Making Room is a biweekly opinion column. The views expressed are solely the author’s.
The following was written by guest columnist Kaydee Myers.
Over the next two years, the Arlington County Board and the Arlington School Board have the opportunity to create a more integrated community through four concurrent planning efforts.
Arlington County started its Missing Middle Housing Study and Affordable Housing Master Plan Review, while also drafting a plan for (the soon to-be-renamed) Lee Highway. Meanwhile, the School Board will adopt comprehensive elementary school boundaries in Fall 2022.
If the Boards coordinate these efforts, they could institute multi-family zoning in a portion of the area assigned to each neighborhood elementary school, leading to more mixed-income housing in neighborhoods currently lacking these options.
As in most public school districts in the nation, Arlington operates neighborhood schools, where most kids go to school based on where they live. Similarly, like most urban areas, Arlington County housing patterns reflect ingrained racial, ethnic, and economic segregation after years of discriminatory government policies and coordinated racist real estate practices. Our schools reflect this housing framework.
Past efforts, such as busing for integration, have fallen out of favor with parents, elected officials, and the courts. Other efforts, like option schools, are models for integration, but are not widespread enough to change the system. Plus, APS reports that Arlington parents voice a strong preference for walkable neighborhood elementary schools, and there are valid economic, environmental, and health benefits for promoting this walkability.
With this backdrop, APS is unlikely to challenge the status quo. However, APS can increase integration with intensive joint planning with the County Board to address school segregation where it starts — its neighborhoods. Many community members, including School Board member Reid Goldstein have called for this joint planning. But, despite being one of the 10 people in the County able to implement this collaboration, Mr. Goldstein didn’t elaborate on how to get started.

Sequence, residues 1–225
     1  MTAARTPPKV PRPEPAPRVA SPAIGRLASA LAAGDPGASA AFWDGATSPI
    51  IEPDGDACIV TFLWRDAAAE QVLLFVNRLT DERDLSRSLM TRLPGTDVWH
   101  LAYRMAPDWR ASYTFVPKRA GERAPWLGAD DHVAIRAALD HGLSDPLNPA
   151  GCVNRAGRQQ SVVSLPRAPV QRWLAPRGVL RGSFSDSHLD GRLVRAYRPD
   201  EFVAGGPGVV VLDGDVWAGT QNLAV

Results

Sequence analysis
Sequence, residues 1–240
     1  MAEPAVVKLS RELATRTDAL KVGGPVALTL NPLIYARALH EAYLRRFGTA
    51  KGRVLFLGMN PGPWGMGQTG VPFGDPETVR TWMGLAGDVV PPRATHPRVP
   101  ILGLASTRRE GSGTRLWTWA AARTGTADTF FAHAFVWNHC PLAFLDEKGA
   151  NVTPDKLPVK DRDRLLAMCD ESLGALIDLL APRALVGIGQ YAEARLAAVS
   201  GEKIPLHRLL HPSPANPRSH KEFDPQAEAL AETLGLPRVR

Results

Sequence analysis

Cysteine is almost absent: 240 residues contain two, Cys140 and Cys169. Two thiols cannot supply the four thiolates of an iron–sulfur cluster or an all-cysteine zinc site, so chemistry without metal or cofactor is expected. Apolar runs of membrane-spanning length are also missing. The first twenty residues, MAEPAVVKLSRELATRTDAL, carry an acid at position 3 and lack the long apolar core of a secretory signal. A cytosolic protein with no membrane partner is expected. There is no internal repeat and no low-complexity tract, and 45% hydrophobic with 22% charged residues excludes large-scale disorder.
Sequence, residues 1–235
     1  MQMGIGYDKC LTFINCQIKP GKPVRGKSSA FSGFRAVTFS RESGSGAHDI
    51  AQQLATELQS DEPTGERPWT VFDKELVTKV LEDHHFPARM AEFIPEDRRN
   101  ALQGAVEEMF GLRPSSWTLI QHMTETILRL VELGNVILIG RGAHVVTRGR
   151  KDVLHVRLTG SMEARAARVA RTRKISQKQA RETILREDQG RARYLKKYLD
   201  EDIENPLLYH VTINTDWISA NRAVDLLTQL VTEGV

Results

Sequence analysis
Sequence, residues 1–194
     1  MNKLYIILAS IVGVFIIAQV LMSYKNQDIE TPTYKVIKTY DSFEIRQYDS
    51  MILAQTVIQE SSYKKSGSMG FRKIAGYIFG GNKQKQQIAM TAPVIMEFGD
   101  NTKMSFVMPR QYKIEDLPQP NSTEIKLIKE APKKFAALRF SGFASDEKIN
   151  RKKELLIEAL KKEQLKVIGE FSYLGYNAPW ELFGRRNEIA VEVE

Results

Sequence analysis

The most promising opportunity to improve integration within APS is the County’s Plan Lee Highway initiative. By reimagining Lee Highway as a walkable urban boulevard, a rezoning effort could add mixed-income housing in the northernmost quarter of Arlington — neighborhoods with the highest median incomes, which flow to elementary schools with the lowest poverty rates in the County.
Consider the household income, school rates of federal free or reduced lunch benefits (“FRL”), and committed affordable rental units (“CAFs”) in this northernmost quarter (north of Lee Highway and Spout Run Parkway):
- Per 2019 American Community Survey data, every census tract has a median household income of over $200,000 (and only one in south Arlington does)
- All five of the elementary schools have 2019-2020 FRL rates of less than 5% (the County average is 29% and Carlin Springs reaches 81%)
- There are no CAFs (the area is basically cut off the 2018 map showing Arlington’s CAFs).
Housing policy for Lee Highway must encourage missing middle housing (anything between a single-family home and a mid-rise apartment building) and further incentivize committed affordable housing (reserving housing for lower-income families). Any multi-family development built north of Lee Highway (and most built just south) would inevitably be assigned to one of these affluent elementary schools.
In addition to adding housing and increasing diversity, the redevelopment of Lee Highway with mixed-income housing provides many advantages to overcome the usual flurry of objections to rezoning. First, it is in desperate need of redevelopment — dotted with auto shops, car dealerships, run-down strip retail, and even empty buildings and lots. This property has a much higher and better use, which could add welcome ground floor shopping, services, and dining for residents.
Second, the five elementary schools north of Lee Highway are all under capacity (even without factoring in students who left during the pandemic), leaving them targets for another school swap as staff suggested in last fall’s boundary process. If these areas want to keep their neighborhood elementary schools, they need more students nearby.
By placing new mixed-income housing along Lee Highway, neighborhoods, and, in turn, elementary schools will become more economically integrated, which will bring racial and ethnic integration.
The School Board has blamed our housing framework for segregated schools, and the County Board has claimed they don’t have authority over school boundaries. Instead of passing the blame back and forth, Arlington’s elected leaders must accept their joint responsibility and work together on housing and schools.
Kaydee Myers is a real estate attorney and investor. She lives with her family in Arlington and is working on her Graduate Certificate in Walkable Urban Real Estate Development at George Washington University. She writes about walkable development, housing policy and historic preservation on Instagram @thewalkablelife.